[UPDATED] U of C: Feds investigate threatening Facebook hack

Federal authorities are investigating a threat made via a Facebook hack, U of C says

[EDITOR'S NOTE: The University of Chicago has determined that the Facebook incident was not, in fact, due to hacking. Find the most up-to-date news here.]

A group of University of Chicago students who petitioned the school to address its alleged “culture of racial intolerance” are now facing threats of violence that federal authorities are investigating.

This week, the Facebook account of a student was hacked, and an explicit threat was posted about a student who circulated the petition.

In an email to students, university President Robert J. Zimmer and provost Eric Isaacs condemned the attack, calling it “unacceptable” and saying that “an investigation is underway with the help of federal law enforcement agencies and third-party website providers to see if we can determine who posted the message.”

The FBI would not confirm or deny whether it was involved in investigating the incident.

“This comes in the midst of other incidents in which members of our community have felt targeted, harassed, or threatened on the basis of their identity. Harassment and threats on the basis of identity are completely antithetical to the values of the University and will not be tolerated,” stated the University of Chicago email, which was obtained by RedEye.

An online petition demanding measures such as racial sensitivity training and a more diverse faculty began circulating after students complained about classmates wearing racist Halloween costumes.

“Everything started the night of Halloween. I was on a [campus] shuttle and I noticed a person wearing a cholo costume,” said Vincente Perez, a 20-year-old University of Chicago student, describing a derogatory term for Mexican-American men.

The costumed student, whom Perez describes as being of Asian descent, was wearing a red bandanna, dark sunglasses and a plaid flannel shirt with only the top button buttoned. His pants were sagging to reveal black basketball shorts.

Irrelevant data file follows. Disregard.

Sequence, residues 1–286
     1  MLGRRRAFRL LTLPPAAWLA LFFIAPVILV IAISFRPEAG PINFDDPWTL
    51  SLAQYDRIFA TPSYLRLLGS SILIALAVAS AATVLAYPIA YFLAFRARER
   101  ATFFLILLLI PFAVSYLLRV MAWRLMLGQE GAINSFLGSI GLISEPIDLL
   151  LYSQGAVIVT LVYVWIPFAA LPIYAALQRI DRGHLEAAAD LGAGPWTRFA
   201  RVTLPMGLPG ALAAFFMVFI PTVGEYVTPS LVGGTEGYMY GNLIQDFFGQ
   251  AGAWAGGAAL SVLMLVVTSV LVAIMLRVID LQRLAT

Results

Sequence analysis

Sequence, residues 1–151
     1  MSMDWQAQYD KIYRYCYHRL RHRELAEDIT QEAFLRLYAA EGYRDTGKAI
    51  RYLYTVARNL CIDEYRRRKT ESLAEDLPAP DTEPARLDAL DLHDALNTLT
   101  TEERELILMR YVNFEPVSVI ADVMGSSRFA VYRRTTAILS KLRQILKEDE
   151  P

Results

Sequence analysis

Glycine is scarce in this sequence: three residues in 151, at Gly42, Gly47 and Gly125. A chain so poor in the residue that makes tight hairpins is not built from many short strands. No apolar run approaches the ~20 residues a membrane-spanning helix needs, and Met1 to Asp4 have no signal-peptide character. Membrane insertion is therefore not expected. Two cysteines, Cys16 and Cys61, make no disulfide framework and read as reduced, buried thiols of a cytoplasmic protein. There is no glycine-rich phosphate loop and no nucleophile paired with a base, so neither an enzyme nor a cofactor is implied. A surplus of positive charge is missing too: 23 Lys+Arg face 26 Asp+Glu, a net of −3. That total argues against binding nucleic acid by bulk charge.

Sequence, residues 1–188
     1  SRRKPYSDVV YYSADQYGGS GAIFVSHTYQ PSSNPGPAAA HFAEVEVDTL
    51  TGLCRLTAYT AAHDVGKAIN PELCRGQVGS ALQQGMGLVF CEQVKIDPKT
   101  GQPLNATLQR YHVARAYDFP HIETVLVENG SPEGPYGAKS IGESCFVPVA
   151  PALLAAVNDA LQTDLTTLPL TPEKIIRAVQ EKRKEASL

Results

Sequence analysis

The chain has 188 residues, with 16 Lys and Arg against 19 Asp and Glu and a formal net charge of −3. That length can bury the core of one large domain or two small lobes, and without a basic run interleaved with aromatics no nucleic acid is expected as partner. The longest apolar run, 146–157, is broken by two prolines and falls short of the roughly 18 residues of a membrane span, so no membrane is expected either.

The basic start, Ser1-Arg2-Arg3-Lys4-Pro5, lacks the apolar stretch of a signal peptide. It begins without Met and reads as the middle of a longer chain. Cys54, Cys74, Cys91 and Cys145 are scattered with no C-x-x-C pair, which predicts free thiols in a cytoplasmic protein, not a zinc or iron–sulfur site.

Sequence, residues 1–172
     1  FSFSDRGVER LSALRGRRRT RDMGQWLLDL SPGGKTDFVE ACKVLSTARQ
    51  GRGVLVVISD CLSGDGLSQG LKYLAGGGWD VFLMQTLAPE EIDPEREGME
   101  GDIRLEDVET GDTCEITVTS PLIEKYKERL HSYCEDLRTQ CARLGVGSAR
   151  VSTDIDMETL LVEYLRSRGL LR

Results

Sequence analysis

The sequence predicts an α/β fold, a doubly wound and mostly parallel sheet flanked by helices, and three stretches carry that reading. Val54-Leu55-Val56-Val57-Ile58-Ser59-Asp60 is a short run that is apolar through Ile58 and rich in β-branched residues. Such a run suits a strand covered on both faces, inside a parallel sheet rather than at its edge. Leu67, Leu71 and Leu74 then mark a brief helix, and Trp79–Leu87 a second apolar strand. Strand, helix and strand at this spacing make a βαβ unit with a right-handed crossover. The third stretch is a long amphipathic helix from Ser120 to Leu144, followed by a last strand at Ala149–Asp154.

“As we were getting off I was saying things like, ‘Thanks for the racist costume, think about what you’re doing, it’s really [bleeping] racist,’” Perez said. “[The costumed person and his friends] weren’t really responding to us. They basically scoffed at us.”

Shortly afterward, Facebook photos surfaced of what appeared to be students wearing similar clothing. One posed with his hands behind his back while an apparently white student pretended to beat him.

Calling the Halloween costumes emblematic of an unfriendly campus environment for students of color, Perez and others delivered a written statement to the administration last week requesting “drastic change in the way that diversity is understood at this institution.”

A meeting Friday between university representatives, Perez and Jaime Sanchez, the statement’s other author, was constructive, according to university spokesman Jeremy Manier.

“University leaders will move forward with a thoughtful response soon, and will continue working with students, staff and faculty to move these issues forward,” Manier wrote in an email to RedEye.

But the school’s response did not satisfy Perez and Sanchez, who opted to begin circulating an online petition.

“We’ve given the university an entire week to respond, and that’s a lot, given that Halloween was a few weeks ago,” Perez said. “Every step of the way we’ve given the administration time to respond and they haven’t shown us that it’s a priority. That in itself is another slap in the face.”

Among the petition’s demands: required courses on race and ethnicity; more effort to hire and retain diverse faculty; and disciplinary protocols to deal with students who engage in “discriminatory actions.”

The racist Halloween costumes are just one example of a campus culture that does not fully include minorities, Sanchez said.

“Students of color at the University of Chicago are academically disenfranchised,” said Sanchez, 21. Minority students are expected to be the spokesmen and spokeswoman for their backgrounds in the classroom, he said, and are pressured to endure subtle racism without complaint.

Manier declined to respond to accusations that the campus environment is unfriendly to students of color, adding that an official statement from the university is forthcoming.

On Tuesday night, the Facebook account of one of Perez’s friends was hacked, and the hacker posted a threat that mentioned Perez by name. The post, obtained by RedEye, states in part, “Vincente you are next. None of your profiles are safe. This is the beginning of our rape season ... .”

About 44 percent of students at the College of the University of Chicago--that is, mainly undergraduate students--are white, and 8.5 percent identify as Hispanic or Latino, according to the most recent data available from the university’s registrar. Seventeen percent of undergraduate students identify as Asian, 4.7 percent as black, and 3.5 percent as multi-racial.

A campus that is nearly half white has an impact on the school’s culture, Sanchez said.

“It’s just really a matter of people being very ignorant about the impact that words have on people’s minds,” he said.

mcrepeau@tribune.com | @crepeau

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